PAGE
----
A tax penalty, described in the Tax Administration Act as the ‘understatement penalty’ is imposed in circumstances dependent upon the taxpayer’s behaviour vis-à-vis an understatement. In essence, an understatement is a default, omission or incorrect statement in a return. The understatement penalty percentage is a graded percentage penalty dependent upon the severity of six listed behaviours in the table comprised by s 223.
But, if the taxpayer’s understatement resulted from ‘a bona fide inadvertent error’, no penalty is imposed under s 222(1). To date, since the general commencement of the act, on 1 October 2012, which contains no definitions of the six behaviours nor of ‘a bona fide inadvertent error’, tax practitioners have had to reply upon dictionary definitions, comparative foreign jurisdictions and, more recently, a few domestic tax court cases.
The SARS ‘Guide to understatement penalties’, published on 29 March 2018, provides some welcome insight into SARS’s approach to penalties. Bear in mind that this publication is not an ‘official publication’, and accordingly does not create a practice generally prevailing, nor is it a binding general ruling; thus it has no authoritative effect and is, at best, only of an indicative nature.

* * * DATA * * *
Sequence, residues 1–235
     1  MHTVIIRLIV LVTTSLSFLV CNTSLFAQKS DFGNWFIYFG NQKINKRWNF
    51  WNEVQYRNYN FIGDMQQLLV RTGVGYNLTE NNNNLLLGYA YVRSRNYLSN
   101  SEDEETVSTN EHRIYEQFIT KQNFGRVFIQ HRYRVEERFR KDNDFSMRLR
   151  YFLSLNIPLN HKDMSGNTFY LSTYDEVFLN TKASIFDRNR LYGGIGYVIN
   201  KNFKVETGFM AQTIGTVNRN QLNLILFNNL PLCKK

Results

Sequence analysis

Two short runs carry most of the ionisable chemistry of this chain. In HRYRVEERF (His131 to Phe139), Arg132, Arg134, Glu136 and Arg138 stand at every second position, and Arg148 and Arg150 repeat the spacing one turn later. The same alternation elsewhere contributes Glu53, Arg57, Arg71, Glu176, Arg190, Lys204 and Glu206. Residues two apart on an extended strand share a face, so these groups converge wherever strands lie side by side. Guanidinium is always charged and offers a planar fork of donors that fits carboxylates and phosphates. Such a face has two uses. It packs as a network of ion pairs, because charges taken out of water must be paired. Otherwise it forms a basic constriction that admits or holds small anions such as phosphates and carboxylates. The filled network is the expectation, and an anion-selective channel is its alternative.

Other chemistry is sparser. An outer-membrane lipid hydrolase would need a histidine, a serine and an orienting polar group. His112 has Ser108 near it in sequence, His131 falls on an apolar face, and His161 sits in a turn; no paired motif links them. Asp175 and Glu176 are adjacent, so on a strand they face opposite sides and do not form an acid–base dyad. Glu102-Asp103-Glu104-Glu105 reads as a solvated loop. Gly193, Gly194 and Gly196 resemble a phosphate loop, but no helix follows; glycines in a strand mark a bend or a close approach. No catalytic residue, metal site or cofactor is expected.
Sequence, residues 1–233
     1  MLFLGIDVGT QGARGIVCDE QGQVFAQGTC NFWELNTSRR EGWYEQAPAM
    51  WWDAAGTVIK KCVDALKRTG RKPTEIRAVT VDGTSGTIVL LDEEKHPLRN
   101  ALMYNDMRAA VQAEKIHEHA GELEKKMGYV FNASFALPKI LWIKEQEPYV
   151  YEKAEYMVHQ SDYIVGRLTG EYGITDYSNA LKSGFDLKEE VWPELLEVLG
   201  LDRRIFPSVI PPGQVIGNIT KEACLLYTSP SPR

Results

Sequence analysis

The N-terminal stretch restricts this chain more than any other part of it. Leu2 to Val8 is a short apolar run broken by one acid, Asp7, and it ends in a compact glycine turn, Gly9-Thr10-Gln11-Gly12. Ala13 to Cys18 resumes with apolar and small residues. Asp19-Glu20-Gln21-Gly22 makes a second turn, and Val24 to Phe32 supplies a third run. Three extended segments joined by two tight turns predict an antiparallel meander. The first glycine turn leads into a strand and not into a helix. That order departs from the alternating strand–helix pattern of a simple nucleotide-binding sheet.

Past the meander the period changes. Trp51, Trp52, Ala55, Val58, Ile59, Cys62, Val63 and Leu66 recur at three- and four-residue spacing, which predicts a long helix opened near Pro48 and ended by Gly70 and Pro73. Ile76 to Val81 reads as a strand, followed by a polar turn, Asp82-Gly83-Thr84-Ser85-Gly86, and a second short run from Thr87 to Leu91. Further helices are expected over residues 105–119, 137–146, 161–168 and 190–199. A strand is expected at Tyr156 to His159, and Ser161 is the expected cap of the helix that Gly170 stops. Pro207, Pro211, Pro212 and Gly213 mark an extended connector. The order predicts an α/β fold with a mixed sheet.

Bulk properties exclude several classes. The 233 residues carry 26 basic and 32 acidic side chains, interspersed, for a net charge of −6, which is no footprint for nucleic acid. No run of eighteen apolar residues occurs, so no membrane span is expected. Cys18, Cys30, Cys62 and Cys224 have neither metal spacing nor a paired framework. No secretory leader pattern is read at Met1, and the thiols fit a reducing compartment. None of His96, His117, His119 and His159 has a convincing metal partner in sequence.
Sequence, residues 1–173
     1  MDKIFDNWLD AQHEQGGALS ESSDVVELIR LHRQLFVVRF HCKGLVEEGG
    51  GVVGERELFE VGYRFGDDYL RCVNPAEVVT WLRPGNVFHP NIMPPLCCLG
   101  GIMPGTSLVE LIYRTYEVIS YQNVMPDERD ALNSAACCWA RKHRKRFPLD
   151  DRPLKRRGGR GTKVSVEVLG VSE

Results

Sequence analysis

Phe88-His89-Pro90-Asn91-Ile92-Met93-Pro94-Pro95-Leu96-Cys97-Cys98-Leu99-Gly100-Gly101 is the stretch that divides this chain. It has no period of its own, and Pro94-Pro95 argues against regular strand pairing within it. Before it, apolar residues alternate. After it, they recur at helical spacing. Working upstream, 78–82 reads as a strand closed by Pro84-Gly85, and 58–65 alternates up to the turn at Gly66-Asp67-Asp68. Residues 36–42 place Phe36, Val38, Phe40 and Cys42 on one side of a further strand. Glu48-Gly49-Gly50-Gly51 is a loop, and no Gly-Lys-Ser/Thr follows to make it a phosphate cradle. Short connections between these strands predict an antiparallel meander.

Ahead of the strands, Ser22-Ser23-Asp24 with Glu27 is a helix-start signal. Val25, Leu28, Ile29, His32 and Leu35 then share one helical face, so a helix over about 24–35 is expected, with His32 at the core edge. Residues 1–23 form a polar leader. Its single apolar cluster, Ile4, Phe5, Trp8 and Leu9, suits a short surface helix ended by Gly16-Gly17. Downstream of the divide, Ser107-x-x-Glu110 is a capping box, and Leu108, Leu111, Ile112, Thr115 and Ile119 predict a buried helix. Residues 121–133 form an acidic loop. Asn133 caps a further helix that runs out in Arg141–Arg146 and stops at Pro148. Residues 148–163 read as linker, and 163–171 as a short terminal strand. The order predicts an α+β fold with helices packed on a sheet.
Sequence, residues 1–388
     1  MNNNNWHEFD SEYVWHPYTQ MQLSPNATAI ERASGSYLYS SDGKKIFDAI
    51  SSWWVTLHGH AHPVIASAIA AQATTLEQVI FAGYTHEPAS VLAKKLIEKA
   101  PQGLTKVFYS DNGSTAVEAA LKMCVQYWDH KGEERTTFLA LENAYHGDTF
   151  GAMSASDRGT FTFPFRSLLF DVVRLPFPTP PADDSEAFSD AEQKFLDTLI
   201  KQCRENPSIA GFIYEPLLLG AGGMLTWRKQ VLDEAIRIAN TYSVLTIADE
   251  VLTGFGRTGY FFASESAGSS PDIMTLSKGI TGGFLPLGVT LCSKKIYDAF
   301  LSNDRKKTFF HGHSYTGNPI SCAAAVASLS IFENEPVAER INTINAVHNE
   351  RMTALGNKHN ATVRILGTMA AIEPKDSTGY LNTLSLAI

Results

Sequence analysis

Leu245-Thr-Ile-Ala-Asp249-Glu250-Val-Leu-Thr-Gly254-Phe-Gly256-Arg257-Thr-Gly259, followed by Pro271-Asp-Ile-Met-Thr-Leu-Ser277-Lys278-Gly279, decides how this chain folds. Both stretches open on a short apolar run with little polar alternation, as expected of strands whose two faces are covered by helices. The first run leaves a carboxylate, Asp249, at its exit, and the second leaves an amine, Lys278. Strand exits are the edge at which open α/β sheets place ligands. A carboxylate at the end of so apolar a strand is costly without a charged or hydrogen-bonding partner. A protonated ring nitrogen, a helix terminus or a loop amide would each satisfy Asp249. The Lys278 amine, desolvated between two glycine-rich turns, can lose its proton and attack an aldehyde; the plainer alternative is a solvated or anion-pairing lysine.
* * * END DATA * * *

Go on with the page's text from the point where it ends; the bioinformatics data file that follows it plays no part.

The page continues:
Bona fide inadvertent error
No penalty is imposed in the event of such an error. SARS states its position in the Guide, after quoting case law and the English Oxford Dictionary, as follows:
The desire not to punish understatements that result from bona fide inadvertent errors must consequently be understood and the language of the provision given meaning within the context of the regime’s purpose to specifically sanction only the behaviours listed in rows (i) to (vi) of the understatement penalty table….
A taxpayer who acts in good faith, without the intention to deceive, will escape a penalty, not because the trigger is necessarily a bona fide inadvertent error, but because the regime is designed not to punish such taxpayers….
An inadvertent error is one that does not result from deliberate planning, and a bona fide inadvertent error is one that genuinely does not result from deliberate planning. It is simply a real or genuinely accidental mistake, an honest momentary lapse of reason if you will. What constitutes such an error would depend on the circumstances of the taxpayer and the circumstances under which it was made.…
In future newsletters I hope to cover the six listed behaviours attracting understatement penalties, dependent upon the level of blameworthiness of the taxpayer’s behaviour.